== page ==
Why I no longer use fossil source control.

For many years I have used fossil as my source control of choice. It was my first source control and it was a revolution for me. So many projects I have completely fucked up by not using source control. Fossil is great, it solved all of the sticking points which caused me to resist using  other source controls such as git or whatever else was popular at the time. I really like its single file repository approach, all other source control have this massive folder of bullshit. I also love that the checkout is separate from the repository, seriously that is total bullshit. What if you want to work on two revisions at once, well you can’t.

Now fossil has one major issue which is not a problem at first but overtime it becomes a bigger and bigger problem. Absolutely no way to alter history at all. Now I am not a fan of re-basing or any other kind of altering history but fossil takes it to an extreme. Fuck up your last commit? Just realized one second after you hit enter? Well you are fucked that commit is there forever. Sure you could grovel through the undocumented database file and manually undo that commit but good luck with that.

Now lets talk about git. I really quite dislike git, its kind of shit. But git works and it has lots of momentum behind it. You also have places like github and gitlab where you can upload and share your repositories. Fossil basically has nothing, its too niche. Git has a terrible user interface and has no decent gui to speak-of. Even the web interface for github is absolute trash which is barely usable compared to the perfection that is the UI that comes built-in to fossil.

But even with all the advantages of fossil, I really just cannot use it anymore, not being able to undo your last commit is just too much to deal with. I am a scatterbrain, I use source control to help me organize my work and not completely destroy my project as has happened before. But not being able to undo a mistake I made just seconds ago is bullshit.

Another nice thing about git which I have come to realize is actually a good feature is the stage. Fossil does not have such a system, commit is just a single step in which you specify what files you want to commit and it is done. I have often forget to commit files and other times accidentally committed everything even stuff that I did not want to. The stage is really helpful in making sure you commit exactly what you intended to commit, and also allowed you to do so in stages and not just a single command which you can easily fuckup.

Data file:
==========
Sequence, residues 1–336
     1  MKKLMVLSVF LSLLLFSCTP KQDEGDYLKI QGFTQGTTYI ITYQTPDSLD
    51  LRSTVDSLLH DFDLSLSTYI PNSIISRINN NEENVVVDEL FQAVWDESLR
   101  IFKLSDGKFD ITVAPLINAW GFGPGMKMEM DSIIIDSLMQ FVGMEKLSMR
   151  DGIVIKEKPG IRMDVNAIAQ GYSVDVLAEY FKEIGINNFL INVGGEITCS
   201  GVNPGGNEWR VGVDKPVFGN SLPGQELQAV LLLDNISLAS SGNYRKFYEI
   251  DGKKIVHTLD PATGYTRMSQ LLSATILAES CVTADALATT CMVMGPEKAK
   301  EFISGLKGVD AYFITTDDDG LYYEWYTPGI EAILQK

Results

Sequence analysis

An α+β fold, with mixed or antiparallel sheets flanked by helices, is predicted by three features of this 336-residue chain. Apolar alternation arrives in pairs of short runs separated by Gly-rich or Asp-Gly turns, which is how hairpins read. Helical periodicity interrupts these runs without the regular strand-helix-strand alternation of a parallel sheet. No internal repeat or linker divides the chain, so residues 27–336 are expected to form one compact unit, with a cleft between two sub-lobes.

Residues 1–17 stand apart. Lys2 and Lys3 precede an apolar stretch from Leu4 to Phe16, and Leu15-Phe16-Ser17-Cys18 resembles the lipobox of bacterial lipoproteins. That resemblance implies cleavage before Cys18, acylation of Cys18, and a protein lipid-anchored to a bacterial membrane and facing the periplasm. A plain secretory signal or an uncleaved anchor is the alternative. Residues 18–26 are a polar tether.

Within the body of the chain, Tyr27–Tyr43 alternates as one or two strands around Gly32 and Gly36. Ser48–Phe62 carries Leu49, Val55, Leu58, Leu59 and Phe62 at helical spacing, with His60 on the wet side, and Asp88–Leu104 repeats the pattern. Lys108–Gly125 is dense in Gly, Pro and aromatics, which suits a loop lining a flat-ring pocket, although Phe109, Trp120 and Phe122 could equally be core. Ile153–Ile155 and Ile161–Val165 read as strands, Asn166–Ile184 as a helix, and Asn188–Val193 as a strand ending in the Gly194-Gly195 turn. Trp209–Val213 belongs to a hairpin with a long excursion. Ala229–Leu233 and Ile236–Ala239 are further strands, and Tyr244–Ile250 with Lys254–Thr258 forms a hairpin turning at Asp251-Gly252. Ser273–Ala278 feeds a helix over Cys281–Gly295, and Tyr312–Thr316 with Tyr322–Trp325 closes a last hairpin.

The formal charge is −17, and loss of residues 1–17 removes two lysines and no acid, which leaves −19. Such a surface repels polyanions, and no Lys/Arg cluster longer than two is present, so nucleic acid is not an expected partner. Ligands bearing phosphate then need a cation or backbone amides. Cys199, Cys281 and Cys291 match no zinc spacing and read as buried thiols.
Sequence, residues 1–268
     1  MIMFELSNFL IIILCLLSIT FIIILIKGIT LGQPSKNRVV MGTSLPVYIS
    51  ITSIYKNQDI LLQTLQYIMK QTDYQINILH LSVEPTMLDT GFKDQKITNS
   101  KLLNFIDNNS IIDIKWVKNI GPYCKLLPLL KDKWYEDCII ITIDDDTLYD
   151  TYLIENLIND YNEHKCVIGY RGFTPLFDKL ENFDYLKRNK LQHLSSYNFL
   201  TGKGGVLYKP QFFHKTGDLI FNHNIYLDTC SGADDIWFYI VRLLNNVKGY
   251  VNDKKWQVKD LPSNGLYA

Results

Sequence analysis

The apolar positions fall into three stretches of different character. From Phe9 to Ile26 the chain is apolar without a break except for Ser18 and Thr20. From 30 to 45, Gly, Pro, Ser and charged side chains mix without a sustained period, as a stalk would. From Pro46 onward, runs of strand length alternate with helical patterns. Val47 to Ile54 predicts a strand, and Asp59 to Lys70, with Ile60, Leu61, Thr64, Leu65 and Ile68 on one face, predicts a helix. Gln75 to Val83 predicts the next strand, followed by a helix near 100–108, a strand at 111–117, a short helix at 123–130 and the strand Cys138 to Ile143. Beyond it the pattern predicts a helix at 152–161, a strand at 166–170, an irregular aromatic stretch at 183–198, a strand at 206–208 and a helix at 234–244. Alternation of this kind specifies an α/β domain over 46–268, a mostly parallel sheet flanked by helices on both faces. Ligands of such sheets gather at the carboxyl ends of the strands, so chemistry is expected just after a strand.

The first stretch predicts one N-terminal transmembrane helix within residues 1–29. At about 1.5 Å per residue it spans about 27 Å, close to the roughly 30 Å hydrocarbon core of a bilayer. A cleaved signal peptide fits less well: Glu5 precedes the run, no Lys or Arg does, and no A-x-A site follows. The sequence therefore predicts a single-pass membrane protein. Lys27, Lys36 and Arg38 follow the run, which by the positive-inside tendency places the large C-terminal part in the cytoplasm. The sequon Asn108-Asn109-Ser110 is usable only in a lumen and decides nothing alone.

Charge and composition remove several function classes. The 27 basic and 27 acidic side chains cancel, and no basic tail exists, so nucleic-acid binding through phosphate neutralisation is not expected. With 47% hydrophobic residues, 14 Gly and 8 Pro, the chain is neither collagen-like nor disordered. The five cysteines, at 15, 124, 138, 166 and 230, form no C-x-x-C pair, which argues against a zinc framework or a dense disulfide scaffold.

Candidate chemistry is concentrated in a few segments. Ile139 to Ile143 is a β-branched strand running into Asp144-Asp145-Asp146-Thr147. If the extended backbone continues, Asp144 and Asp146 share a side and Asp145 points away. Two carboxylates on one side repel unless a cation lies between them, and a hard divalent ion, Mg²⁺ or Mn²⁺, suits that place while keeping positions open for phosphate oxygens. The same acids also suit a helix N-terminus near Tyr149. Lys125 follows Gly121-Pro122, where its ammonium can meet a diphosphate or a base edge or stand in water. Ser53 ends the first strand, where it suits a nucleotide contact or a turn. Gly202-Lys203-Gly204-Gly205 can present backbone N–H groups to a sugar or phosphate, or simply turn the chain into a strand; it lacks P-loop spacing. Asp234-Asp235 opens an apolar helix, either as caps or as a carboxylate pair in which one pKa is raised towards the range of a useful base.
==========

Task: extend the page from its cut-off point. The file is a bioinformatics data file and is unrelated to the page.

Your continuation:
So in summary, I am sad that I have to stop using fossil its almost perfect but its issues are to large to deal with. I shall now enter under the suffering and bondage of that horrible master that is git. Fuck git.





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Intel is fucking shit, absolute worthless garbage, fuck them and their worthless cpus.

So I was working on some existing code written in assembly and self-modifying. I was trying to reduce the amount of self-modifying code by replacing some self-modified immediates with register values where registers where available to hold said values. To my surprise after changing a shift instruction with immediate to CL, the code got significantly slower.

Now it took me quite a while to actually discover this, I had changed the function somewhat to free up the CL register for the shift length, I at first thought it was the combination of all the changes that had added together to result in the observed performance drop but after more experimentation it became clear is was all due to the shift instruction.

WHAT THE FUCK, THE SHIFT INSTRUCTION IS FUCKING SLOW. After checking Agner Fog’s instruction table I confirmed it. On sandy bridge and later the shift instruction with length in CL takes 2 CLOCK CYCLES. What the fuck where they thinking crippling such a common instruction, this instruction is 1/4 the speed of Nehalem, this is slower than every single x86 cpu going back to the Pentium (except P4, but we don’t talk about that). Its slower then fucking Bulldozer.